Virus-induced pathogen associated molecular pattern (PAMP)-triggered immunity plays important roles in plant immunity to virus infection [32]. Plant PUB24 can act, in concert with PUB22 and PUB23, as a negative regulator of PTI in the response to several PAMPs [36]. Because the expression of CaPUB24 was induced after PMMoV infection in pepper (Fig. 2 and Additional file 1), we hypothesize that the induction of CaPUB24 expression may decrease PTI response and defense responses. Receptor-like protein kinases (RLKs) and receptor-like proteins (RLPs) are members of the serine/threonine protein kinase family, and are known to be involved in sensing external signals [37, 38]. In this study, the expression level of CaRLK1 was significantly up-regulated after PMMoV infection (Fig. 2 and Additional file 1). As a receptor of pathogen signaling, leucine-rich repeat (LRR) receptor-like serine/threonine-protein kinase GSO1 was also up-regulated after PMMoV infection (Fig. 2 and Additional file 1). Pathogenesis-related (PR) proteins are well-known plant defense proteins against both biotic and/or abiotic stresses, especially pathogen infections [39]. In this work, we have found that the expressions of PR genes: a tobacco mosaic virus (TMV) resistance protein gene and three disease resistance protein genes, were altered after PMMoV infection in pepper (Additional file 1). Although the expression level of CaSTH2 was induced upon PMMoV infection (Fig. 2 and Additional file 1), an earlier study showed that over-expression of STH2 in transgenic potato plants did not affect potato virus X infection [40], suggesting that CaSTH2 may not play a direct role in pepper plant against PMMoV infection. Plant disease resistance proteins can indirectly interact with specific avirulence proteins produced by pathogens. In contrast to other resistance proteins, RPP13 does not require salicylic acid accumulation, and act independently of ESD1 and NSD1 that are two independent signaling pathways that confer gene-for-gene resistance in Arabidopsis [41, 42]. In this study, the expression of CaRPP13 was up-regulated after PMMoV infection, suggesting the existence of an independent signaling pathway in response to PMMoV infection (Fig. 2 and Additional file 1). Many TFs have been shown to be involved in plant defense signaling pathways [43]. In this study, the expressions of seven CaWRKY genes were found to be induced after PMMoV infection (Fig. 2 and Additional file 1). Previous studies have shown that WRKY3, WRKY70 and WRKY75 are involved in plant-pathogen interactions [44, 45]. Therefore, we speculate that these seven WRKY genes may also play important roles in early pepper response to PMMoV infection.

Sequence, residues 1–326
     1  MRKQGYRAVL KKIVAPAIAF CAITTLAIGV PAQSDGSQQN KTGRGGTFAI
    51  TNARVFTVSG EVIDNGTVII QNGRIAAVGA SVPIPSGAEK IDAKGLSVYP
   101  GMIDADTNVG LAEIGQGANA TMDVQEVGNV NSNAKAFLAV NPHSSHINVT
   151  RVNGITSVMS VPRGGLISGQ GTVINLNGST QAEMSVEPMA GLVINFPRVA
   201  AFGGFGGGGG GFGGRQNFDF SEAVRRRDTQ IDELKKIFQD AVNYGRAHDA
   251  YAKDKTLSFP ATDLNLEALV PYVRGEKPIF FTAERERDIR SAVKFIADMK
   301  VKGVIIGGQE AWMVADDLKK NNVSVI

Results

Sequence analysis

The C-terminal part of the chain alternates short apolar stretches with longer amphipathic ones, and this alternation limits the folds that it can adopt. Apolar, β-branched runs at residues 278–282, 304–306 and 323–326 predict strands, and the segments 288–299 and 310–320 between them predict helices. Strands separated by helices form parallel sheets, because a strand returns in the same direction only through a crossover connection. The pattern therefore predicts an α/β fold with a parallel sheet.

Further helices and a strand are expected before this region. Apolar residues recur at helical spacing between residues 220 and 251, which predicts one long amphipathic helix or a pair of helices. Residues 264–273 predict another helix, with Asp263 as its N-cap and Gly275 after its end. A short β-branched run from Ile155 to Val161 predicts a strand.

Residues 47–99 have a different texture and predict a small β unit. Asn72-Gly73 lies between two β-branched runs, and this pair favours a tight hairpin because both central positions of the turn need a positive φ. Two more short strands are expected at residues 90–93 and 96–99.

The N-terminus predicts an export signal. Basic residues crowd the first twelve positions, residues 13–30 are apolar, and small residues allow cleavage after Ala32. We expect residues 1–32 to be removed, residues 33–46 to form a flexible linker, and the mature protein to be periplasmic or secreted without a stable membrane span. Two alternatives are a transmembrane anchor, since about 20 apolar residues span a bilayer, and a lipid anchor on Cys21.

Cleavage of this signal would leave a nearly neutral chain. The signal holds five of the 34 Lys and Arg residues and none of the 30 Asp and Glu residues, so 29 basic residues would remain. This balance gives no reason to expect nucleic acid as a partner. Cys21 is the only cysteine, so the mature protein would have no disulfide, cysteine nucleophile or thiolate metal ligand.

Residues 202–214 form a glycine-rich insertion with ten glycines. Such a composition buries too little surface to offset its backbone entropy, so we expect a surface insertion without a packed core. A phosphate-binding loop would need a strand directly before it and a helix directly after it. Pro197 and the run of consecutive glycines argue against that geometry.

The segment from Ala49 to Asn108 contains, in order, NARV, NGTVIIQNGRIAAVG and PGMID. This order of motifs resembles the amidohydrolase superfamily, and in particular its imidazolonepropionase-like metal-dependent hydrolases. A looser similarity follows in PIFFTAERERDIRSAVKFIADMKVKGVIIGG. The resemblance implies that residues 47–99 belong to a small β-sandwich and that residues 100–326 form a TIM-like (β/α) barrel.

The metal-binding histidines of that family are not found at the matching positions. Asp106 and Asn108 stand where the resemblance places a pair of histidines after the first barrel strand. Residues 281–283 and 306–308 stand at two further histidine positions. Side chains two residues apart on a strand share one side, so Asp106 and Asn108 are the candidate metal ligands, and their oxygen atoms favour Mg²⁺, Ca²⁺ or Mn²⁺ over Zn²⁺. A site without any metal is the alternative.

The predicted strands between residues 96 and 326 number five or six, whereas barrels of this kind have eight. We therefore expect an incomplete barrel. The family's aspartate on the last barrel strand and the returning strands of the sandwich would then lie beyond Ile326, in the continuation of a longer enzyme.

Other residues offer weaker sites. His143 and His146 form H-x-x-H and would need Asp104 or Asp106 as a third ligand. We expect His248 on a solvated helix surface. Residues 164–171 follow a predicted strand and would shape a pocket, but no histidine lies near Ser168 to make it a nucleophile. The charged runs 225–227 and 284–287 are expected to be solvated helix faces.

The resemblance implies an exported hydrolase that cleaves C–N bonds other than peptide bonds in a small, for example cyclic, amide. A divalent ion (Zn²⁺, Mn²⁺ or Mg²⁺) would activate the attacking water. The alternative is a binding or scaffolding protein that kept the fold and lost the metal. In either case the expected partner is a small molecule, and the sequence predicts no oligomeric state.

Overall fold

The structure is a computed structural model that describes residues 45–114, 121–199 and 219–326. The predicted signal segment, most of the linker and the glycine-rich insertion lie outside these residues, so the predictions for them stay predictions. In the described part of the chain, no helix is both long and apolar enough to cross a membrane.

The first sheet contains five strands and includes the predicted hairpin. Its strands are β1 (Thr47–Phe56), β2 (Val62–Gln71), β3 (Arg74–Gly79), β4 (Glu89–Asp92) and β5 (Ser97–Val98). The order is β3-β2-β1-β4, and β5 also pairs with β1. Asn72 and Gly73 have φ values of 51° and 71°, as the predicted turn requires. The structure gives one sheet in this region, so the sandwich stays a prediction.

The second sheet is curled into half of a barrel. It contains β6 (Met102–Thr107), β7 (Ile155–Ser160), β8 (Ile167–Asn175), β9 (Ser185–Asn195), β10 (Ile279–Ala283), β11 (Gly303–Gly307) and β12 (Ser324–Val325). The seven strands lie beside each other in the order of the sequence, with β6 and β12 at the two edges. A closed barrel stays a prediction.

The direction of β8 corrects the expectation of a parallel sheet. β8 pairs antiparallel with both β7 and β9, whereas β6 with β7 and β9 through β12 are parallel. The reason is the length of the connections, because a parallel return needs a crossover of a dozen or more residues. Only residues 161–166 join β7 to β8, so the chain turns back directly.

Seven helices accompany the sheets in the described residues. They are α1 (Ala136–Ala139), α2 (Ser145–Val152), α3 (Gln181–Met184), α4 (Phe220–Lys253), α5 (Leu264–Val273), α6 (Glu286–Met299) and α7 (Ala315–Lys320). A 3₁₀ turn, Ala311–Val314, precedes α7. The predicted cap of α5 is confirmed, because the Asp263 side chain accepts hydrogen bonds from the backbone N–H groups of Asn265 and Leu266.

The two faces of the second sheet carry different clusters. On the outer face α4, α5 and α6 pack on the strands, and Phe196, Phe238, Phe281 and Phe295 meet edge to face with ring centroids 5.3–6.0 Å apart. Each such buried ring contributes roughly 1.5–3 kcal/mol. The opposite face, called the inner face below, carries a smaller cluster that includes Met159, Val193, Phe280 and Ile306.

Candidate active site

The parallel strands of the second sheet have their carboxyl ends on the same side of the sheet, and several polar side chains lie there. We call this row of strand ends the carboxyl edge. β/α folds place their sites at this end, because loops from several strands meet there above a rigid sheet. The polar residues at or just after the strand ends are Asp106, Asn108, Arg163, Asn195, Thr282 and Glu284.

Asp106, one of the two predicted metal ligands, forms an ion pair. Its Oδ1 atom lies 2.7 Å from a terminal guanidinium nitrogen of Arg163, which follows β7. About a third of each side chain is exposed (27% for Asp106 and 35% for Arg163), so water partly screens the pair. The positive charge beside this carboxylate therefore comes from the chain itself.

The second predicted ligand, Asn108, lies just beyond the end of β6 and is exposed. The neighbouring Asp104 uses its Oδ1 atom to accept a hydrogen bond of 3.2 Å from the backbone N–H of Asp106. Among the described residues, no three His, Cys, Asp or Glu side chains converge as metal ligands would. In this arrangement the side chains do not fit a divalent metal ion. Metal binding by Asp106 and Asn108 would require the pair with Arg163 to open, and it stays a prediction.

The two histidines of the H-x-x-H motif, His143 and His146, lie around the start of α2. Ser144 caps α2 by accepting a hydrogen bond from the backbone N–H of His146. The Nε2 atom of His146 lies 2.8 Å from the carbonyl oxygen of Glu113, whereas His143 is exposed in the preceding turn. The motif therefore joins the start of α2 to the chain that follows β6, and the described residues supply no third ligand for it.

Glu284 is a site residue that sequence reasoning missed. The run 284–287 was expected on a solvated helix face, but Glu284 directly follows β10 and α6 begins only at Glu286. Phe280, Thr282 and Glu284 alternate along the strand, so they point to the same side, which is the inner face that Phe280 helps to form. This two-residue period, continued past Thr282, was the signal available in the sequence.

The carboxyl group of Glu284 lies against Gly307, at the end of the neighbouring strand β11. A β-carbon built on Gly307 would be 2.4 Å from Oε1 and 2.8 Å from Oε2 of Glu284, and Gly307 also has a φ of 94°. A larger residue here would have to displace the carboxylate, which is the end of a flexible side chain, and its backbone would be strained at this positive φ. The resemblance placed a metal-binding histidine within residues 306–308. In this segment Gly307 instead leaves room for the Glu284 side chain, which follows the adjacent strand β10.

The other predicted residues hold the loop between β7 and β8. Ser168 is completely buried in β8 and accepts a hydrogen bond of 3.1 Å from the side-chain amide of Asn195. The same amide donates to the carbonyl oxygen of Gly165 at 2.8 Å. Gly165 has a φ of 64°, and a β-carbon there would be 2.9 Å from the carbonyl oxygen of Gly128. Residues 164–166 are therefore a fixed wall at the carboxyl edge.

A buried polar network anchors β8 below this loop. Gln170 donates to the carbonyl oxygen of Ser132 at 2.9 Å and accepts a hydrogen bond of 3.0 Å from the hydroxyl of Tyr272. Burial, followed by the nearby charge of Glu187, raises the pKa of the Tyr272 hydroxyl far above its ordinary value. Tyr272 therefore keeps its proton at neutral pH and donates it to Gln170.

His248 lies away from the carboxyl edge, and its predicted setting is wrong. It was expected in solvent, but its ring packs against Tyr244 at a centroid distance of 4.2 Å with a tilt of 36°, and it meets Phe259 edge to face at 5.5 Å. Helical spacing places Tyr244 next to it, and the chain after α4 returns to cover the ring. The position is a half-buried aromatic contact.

Several recent studies on plant autophagy and pathogen infections have revealed the importance of autophagy during pathogen infections [29, 46]. Other studies have shown the specific roles of autophagy in eliminating viruses in mammalian cells [47, 48]. On the other hand, several plant viruses have been shown to inhibit or utilize autophagy to promote their infections in plants [26, 28, 49,50,51]. Here, we show that autophagy plays an important role in pepper defense responses to PMMoV infection. Our conclusion is based on the fact that by 9 days post PMMoV inoculation, the expressions of 17 autophagy-associated genes were altered in the pepper plants, although the expression changes of several genes were not statistically significant (Additional file 5). It is noteworthy that the RT-qPCR analysis done at 14 dpi showed that six out of the eight analyzed autophagy-associated genes were significantly up-regulated and one was significantly down-regulated (Additional file 7), suggesting strongly that autophagy plays a role in pepper defense responses to PMMoV infection. In mammalian cells, defective ATG5 or ATG7 is unable to prevent autolysosome formations, which are known to be induced by various stresses. It is recommended that macroautophagy can occur through at least two pathways: a conventional ATG5/ATG7-dependent pathway and an atypical ATG5/ATG7-independent pathway [52]. Our results suggest that the autophagy induced by PMMoV infection is likely a conventional ATG5/ATG7-dependent pathway. Several reports have indicated the involvement of ATG8 family proteins in autophagy biogenesis and cargo recruitment [53]. In this study, we further determined that silencing of NbATG3, NbATG5, NbBeclin1, NbATG7 or NbATG8a expression in N. benthamiana plants through VIGS vectors can enhance PMMoV RNA accumulation and disease symptom formation (Fig. 5). To explore the role of autophagy in PMMoV infection and provide a basis for further study on the relationship between autophagy and PMMoV, we analyzed the physiological significance of autophagy on PMMoV viral accumulation. By inhibiting the autophagy pathway with treatment of 3-MA or E64d, we demonstrated that PMMoV infection activated the autophagy, which was utilized by plants to inhibit PMMoV infection (Fig. 4). However, these two inhibitors had opposite effects on the accumulation of ATG8 protein (Fig. 5). 3-MA can inhibit the formation of autophagosomes at the initial stage of autophagy [54], while E64d can stabilize the autophagosomes in the vacuoles to prevent its degradation at the later stage of autophagy [55], which results in a contradictive accumulation of ATG8 protein. In conclusion, we propose that autophagy plays an important role in plant defense responses to PMMoV infection (Fig. 6).